CPR: A Life-Saving Skill Everyone Should Know

CPR: A Life-Saving Skill Everyone Should Know

Quick: You just pulled your drowning child out of a pool or your spouse is suddenly having a cardiac arrest. What do you do?

You’d feel a lot more in control of those horrifying situations if you knew how to perform CPR. CPR stands for cardiopulmonary resuscitation and it’s used to keep someone alive who can’t breathe on their own or whose heart has stopped pumping. The sooner CPR is administered, the better. And considering that 88 percent of cardiac arrests happen at home, knowing how to perform CPR until an ambulance arrives can be the difference between life and death for a loved one.

Keep in mind that CPR is performed differently for adults and babies (and requires minor modifications for children). That said, here are some basic tips that can help you perform CPR if necessary:

  • Figure out what’s needed. Make sure that the environment is safe and secure, then tap the person on the shoulder and ask if they are ok. If they’re unconscious, check to see if they are breathing. If there is no breath, call 911 yourself or ask another bystander to do it.
  • Start helping the heart beat. If you are sure there have been no neck injuries, lightly tilt the victim’s head back to lift their chin. Kneel down and place the heel of your hand on the person’s chest between their nipples. If you are performing CPR on an adult, place the heel of your other hand on top and intertwine your fingers. Straighten your elbows, and align your shoulders over your hands. Using your upper body weight, start your compressions. The goal is to perform 100 to 120 compressions each minute, allowing the chest to rise after each compression. It might sound a little weird, but think about performing compressions to the beat of The Bee Gees’ song, “Stayin’ Alive.”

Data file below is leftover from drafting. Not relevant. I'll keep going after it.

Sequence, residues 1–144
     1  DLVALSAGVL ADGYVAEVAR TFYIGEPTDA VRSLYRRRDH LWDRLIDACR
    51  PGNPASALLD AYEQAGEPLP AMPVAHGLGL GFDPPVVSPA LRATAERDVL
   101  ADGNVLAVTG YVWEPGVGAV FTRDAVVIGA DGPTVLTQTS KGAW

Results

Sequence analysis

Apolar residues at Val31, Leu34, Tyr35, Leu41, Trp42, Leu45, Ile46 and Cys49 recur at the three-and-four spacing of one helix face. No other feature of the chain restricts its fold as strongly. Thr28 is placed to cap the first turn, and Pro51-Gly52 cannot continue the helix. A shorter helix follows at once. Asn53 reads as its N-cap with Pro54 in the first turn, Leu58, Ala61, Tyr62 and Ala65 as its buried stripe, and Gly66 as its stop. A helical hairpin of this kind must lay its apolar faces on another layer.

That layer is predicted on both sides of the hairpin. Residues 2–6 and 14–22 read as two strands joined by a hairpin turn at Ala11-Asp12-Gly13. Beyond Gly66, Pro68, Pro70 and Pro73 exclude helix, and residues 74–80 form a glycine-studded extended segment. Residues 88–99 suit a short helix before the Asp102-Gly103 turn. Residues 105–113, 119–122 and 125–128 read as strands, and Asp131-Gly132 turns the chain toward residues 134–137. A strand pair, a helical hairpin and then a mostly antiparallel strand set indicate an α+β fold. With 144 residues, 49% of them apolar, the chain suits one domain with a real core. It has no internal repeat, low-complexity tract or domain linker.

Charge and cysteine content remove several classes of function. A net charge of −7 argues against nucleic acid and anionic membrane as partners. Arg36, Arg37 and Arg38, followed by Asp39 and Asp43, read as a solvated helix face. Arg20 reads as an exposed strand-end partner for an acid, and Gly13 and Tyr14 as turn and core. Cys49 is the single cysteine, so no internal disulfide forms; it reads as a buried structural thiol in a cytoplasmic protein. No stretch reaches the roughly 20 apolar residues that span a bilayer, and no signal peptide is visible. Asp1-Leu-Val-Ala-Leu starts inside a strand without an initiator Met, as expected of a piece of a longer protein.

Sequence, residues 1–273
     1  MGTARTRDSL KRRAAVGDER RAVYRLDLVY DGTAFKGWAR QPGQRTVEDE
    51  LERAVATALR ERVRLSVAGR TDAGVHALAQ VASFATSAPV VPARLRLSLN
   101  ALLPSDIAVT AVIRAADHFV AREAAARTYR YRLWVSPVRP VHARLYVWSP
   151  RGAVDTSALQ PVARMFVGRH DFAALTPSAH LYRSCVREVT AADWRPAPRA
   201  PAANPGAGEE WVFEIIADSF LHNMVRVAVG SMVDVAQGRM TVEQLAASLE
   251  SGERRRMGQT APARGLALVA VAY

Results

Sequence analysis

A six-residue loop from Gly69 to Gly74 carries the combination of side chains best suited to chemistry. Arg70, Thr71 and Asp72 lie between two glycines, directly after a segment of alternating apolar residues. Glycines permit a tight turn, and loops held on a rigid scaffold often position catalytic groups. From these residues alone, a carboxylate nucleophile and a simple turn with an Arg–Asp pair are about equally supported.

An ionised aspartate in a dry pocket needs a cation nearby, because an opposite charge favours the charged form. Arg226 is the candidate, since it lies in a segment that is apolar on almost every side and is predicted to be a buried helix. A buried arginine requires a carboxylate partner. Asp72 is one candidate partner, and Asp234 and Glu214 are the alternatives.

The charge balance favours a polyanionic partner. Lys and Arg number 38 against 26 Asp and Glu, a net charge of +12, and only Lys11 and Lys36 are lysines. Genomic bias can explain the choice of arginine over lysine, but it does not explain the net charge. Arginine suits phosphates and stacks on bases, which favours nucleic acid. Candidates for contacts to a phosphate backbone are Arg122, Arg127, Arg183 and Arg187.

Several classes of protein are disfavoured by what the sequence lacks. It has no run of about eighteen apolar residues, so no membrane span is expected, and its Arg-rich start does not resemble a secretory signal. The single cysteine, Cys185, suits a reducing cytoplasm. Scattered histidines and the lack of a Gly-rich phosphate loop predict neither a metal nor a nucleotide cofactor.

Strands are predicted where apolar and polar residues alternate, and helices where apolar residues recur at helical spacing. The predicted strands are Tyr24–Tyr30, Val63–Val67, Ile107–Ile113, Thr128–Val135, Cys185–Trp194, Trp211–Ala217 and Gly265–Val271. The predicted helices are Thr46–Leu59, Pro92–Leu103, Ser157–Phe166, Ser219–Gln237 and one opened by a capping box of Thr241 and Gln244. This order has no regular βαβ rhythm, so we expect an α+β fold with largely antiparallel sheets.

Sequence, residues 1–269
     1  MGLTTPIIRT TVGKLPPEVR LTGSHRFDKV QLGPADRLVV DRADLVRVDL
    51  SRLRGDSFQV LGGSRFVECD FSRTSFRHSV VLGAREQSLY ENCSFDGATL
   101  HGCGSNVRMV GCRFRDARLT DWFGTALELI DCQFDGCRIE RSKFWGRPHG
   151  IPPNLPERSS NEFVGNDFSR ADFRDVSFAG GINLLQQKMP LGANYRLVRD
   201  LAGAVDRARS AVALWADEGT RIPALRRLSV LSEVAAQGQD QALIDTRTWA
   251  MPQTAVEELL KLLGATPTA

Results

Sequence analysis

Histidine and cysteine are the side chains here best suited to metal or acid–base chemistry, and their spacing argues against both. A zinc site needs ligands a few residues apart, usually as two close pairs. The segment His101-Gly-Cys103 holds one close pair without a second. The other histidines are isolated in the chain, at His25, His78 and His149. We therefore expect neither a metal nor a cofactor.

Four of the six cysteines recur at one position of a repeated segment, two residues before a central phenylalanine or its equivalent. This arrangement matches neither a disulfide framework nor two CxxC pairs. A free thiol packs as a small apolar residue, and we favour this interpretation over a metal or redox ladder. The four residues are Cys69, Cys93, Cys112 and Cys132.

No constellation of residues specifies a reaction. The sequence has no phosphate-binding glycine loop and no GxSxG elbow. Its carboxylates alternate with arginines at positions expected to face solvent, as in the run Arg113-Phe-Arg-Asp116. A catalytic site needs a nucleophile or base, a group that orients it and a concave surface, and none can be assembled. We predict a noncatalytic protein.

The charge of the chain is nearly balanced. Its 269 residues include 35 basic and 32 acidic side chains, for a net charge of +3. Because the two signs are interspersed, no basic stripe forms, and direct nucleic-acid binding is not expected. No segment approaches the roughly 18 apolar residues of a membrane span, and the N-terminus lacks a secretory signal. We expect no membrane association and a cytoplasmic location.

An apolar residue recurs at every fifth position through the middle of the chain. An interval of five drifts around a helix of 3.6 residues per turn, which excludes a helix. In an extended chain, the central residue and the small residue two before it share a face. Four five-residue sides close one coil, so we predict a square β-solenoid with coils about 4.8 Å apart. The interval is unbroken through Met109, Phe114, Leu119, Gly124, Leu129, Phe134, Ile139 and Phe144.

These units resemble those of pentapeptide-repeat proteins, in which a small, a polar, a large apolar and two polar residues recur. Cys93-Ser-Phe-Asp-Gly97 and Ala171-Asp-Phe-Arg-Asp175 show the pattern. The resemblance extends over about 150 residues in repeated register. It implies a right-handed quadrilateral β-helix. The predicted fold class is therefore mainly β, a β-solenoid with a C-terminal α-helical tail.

• Only do rescue breaths if you’ve been trained. The American Heart Association recommends that only people who have been taught how to do rescue breaths attempt this part of CPR (everyone else should stick to the chest compressions). If you’ve been trained and the victim isn’t breathing, do two rescue breaths after every 30 compressions. With their head tilted back and chin lifted, pinch their nose shut and place your mouth over the victim’s mouth. Blow into their mouth (you should notice that their chest starts to rise when you do this). After two breaths, resume compressions if necessary.

The above tips are not a substitute for Red Cross training. Visit the American Red Cross website to find a location where you can get trained in CPR and other first aid-related programs. And remember that adults aren’t the only ones who can learn how to perform CPR—children as young as nine years old can be taught the basics. While they may not have the physical strength to effectively perform certain procedures like chest compressions, they can learn other valuable skills like emergency calling and mouth-to-mouth resuscitation.

For more information on important life-saving skills, visit these other blogs:

 

Photo credit: FVSU

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